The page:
OPEB Investments – The Danger of Playing It Safe

CautionUnder GASB 43 and 45, public sector employers are required to account for retiree medical benefits under special rules for Other Post-Employment Benefits (OPEB).  Many have chosen to pre-fund these liabilities in a trust similar to a retirement plan trust.  At the recent Minnesota School Board Association convention, Van Iwaarden Associates teamed up with an investment advisor to emphasize how actuaries and investment advisors should work together to develop a prudent investment policy based on projected benefit payments.

Most policy makers at public sector employers are not investment experts nor are they experienced with pre-funding long term liabilities.  Too often, the decision is made to invest trust assets in “safe” investments just as they do with operating funds.  This is potentially a major mistake, especially now with short term interest rates near zero!

The best practice is to pre-fund retiree medical liabilities and to invest the trust assets in a way that is consistent with the projected cash flow.  Certainly, a substantial portion of the assets should be invested for the short term to meet short term cash flow.  However, the balance of the assets should be invested for the long term to meet projected cash flows twenty to thirty years away.

The recommended action plan for decision makers includes:

1.    Estimate the projected life of the OPEB Trust
2.    Review investment policy and its handling of OPEB
3.    Amend policy and investment strategy appropriately

A detailed actuarial report is the start of the process to manage OPEB liabilities and assets.  The actuarial report can and should be much more than just a perfunctory exercise to meet GASB accounting requirements.
The full presentation can be found through this link.

“Measure It Before You Promise It” for GASB 45 OPEB

Over the past several years, GASB 45 has required public employers to recognize the cost of Other Postemployment Benefits (OPEB: e.g., retiree health insurance, life insurance) while employees are accruing the benefits, not after they retire. For many public entities, the true cost of their healthcare promises has been an eye opener.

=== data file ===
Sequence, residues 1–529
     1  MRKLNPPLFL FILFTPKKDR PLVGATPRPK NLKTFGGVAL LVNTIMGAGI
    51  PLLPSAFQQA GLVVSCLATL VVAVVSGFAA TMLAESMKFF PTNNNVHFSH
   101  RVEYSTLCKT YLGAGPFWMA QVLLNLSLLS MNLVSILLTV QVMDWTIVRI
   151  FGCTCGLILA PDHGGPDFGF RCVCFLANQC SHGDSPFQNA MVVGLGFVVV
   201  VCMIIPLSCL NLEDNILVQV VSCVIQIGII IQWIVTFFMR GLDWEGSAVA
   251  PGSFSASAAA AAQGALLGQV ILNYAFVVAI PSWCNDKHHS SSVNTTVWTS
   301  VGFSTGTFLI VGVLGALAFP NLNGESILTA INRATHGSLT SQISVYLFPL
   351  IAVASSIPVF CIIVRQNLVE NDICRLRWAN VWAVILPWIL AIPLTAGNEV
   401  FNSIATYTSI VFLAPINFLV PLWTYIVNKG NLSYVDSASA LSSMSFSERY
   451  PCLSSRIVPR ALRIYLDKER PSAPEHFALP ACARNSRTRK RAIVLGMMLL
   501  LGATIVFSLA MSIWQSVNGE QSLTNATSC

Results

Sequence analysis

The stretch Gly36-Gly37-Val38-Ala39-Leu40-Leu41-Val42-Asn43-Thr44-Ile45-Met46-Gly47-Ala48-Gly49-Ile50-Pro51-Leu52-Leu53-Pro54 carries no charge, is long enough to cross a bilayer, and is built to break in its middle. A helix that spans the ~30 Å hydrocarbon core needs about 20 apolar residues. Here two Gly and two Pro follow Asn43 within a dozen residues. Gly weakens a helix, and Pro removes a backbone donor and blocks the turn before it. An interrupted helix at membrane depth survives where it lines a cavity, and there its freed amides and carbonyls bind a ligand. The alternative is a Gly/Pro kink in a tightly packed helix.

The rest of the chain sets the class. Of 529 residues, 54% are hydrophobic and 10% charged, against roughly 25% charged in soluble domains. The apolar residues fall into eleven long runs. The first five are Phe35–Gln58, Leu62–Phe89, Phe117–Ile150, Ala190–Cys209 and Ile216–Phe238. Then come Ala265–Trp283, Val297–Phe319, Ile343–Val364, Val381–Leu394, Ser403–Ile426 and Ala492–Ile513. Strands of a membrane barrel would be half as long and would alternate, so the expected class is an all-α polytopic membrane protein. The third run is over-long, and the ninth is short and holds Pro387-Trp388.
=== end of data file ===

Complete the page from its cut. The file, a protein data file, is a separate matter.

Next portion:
However, public employers (especially local entities) should remember that GASB-type calculations are valuable in the “off-season” too. This post discusses one of the biggest missed opportunities for cost-saving: Measuring the cost impact of changes to retiree OPEB before contracts are signed.

In the corporate world, it is almost unheard of for employers to adjust their retiree benefit promises without first measuring the cost impact. This is especially true of collectively-bargained pension and retiree health plans. Both sides hire an actuary to estimate the cost of these benefits and bring their numbers to the table.

However, many local public entities may not be used to this process yet. During the biennial GASB 45 valuation process, we still encounter contractual changes to retiree benefits that occurred after the prior actuarial study but were not reported to us in the interim. There are two main problems with this approach:

  1. It’s not prudent to make or change benefit promises without estimating the cost impact. Suppose an employer is renegotiating a contract and there is a proposal to change the retiree health benefit from “fully-paid single premiums until age 65” to “fully-paid family premiums for up to 5 years”. Is this a cost increase or decrease? There’s no way to know unless you measure the cost beforehand.
  1. GASB 45 requires a full actuarial valuation if there is a significant change in benefit promises.  As we discussed in a previous post, public employers shouldn’t wait until the next scheduled actuarial study (2 or 3 years, depending on plan size) to reflect significant plan changes in their financial statements.